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Scottish teachers vote overwhelmingly for industrial action over exams workload

Scottish teachers vote overwhelmingly for industrial action over exams workload

School stairs - credit seier+seier

Secondary teachers in the country’s biggest teaching union have voted overwhelmingly for industrial action over the volume of workload in new Curriculum for Excellence (CfE) exams.

After three weeks of balloting, members of the Educational Institute of Scotland (EIS) voted for industrial action by 95 per cent to five per cent.

The industrial action is not expected be an all-out strike but secondary teachers will refuse to do additional work set out by the Scottish Qualifications Agency (SQA).


John Swinney in teacher workload pledge

Teaching unions to escalate industrial action over Curriculum for Excellence workload

Union representatives has said extra work has been generated by “excessive demands” from the SQA around the new National 4 and 5 exams and the new Highers, introduced as part of the Curriculum for Excellence.

EIS general secretary Larry Flanagan said the result sent “a clear message” to education secretary John Swinney and the Scottish Government.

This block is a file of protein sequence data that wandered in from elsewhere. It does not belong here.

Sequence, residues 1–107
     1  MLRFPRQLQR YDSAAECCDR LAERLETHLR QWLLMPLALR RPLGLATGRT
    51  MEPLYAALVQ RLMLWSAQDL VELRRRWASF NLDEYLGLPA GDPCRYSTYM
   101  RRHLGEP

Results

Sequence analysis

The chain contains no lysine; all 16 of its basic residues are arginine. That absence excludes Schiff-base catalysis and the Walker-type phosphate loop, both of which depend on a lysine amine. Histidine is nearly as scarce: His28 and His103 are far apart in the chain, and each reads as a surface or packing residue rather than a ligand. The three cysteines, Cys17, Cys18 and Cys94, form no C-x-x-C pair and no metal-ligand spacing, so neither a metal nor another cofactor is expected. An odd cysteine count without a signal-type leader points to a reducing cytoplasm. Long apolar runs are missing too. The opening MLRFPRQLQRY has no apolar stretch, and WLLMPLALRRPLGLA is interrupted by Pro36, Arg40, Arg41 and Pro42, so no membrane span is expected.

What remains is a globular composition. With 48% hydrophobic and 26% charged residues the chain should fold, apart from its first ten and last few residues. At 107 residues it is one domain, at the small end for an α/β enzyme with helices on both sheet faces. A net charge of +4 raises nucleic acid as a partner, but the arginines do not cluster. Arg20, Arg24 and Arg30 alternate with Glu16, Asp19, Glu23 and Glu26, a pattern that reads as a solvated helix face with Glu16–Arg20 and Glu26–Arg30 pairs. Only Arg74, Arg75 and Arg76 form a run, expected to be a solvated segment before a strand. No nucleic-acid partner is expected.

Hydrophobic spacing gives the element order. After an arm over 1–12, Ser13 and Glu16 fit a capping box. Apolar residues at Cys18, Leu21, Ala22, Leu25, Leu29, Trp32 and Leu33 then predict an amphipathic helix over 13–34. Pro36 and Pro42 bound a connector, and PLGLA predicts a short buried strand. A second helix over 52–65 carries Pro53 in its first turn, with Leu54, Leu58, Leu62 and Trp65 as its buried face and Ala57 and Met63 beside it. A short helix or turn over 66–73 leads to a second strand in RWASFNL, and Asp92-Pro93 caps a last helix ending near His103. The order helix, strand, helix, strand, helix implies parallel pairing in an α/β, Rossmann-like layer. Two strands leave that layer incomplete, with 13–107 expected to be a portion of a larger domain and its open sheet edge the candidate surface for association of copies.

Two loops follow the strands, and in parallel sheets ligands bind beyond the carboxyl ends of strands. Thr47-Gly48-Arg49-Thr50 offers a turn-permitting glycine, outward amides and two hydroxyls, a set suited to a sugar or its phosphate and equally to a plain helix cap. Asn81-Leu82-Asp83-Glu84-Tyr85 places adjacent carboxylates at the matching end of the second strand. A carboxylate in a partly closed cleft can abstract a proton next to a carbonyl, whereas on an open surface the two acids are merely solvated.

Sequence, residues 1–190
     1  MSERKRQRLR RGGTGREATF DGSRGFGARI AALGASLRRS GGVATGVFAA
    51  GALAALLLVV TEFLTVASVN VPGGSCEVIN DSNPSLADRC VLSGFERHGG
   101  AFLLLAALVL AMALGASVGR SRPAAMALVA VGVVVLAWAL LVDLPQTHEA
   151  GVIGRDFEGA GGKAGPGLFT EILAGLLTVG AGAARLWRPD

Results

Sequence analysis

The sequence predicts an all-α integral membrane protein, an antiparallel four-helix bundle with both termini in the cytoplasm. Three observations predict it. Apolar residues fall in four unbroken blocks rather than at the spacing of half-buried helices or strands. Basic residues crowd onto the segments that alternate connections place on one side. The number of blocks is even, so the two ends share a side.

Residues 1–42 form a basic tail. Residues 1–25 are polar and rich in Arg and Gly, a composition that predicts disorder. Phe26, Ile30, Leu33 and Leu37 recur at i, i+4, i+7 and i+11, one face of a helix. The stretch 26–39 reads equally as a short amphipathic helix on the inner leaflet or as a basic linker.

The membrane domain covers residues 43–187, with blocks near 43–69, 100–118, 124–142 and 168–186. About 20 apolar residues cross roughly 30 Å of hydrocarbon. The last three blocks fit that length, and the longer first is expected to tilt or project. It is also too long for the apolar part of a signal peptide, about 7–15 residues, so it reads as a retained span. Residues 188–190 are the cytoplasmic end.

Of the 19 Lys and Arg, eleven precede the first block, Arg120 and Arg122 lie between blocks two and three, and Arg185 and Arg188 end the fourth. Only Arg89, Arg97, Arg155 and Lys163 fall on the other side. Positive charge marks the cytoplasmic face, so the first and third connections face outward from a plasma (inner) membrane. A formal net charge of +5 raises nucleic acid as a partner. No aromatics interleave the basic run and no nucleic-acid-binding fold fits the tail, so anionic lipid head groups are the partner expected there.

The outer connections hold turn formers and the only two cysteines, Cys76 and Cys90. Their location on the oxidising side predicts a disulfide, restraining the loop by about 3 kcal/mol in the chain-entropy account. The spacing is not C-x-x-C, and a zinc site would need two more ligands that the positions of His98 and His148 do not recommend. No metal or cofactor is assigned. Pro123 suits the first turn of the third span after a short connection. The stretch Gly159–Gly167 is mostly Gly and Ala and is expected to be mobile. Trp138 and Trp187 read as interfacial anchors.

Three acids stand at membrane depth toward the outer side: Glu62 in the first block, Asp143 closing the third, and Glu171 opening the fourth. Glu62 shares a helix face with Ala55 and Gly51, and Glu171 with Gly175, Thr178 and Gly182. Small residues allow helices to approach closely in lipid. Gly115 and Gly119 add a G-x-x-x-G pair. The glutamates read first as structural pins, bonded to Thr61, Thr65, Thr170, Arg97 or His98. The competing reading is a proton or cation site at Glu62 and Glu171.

“It is not our intention that this action should impact directly on pupils, and teachers will continue to teach classes normally and to assess pupils’ work. We will be issuing guidance to our members advising which SQA-related activities they should withdraw cooperation from, and which activities teachers should continue to undertake as normal.”

Flanagan said members had told the EIS AGM last week they wanted the government to “hold the SQA to account” over assessment practices.

“In August 2014 the then Cabinet Secretary for Education, Michael Russell, in a foreword to a report on the first year of new qualifications acknowledged the excessive workload demands which had been placed on teachers and outlined a number of actions points, including the removal of duplication between Unit assessment and external exams. Two Cabinet Secretaries later, and two full school years on, not one single unit assessment has been removed. That is why EIS members have voted for action.”

The result came as the First Minister Nicola Sturgeon clashed with Conservative leader Ruth Davidson during First Minister’s Questions.

“The Government has been very clear about our determination to take action to reduce teacher workload and we will continue to do that: indeed, that is why we established the working group on assessment and national qualifications,” Sturgeon said.

Davidson said: “I accept that teachers have every right to raise legitimate concerns about their workload, but I do not believe that industrial action is the answer. It is simply wrong that parents and pupils will have to pay the price for a dispute between teachers and the Government.”



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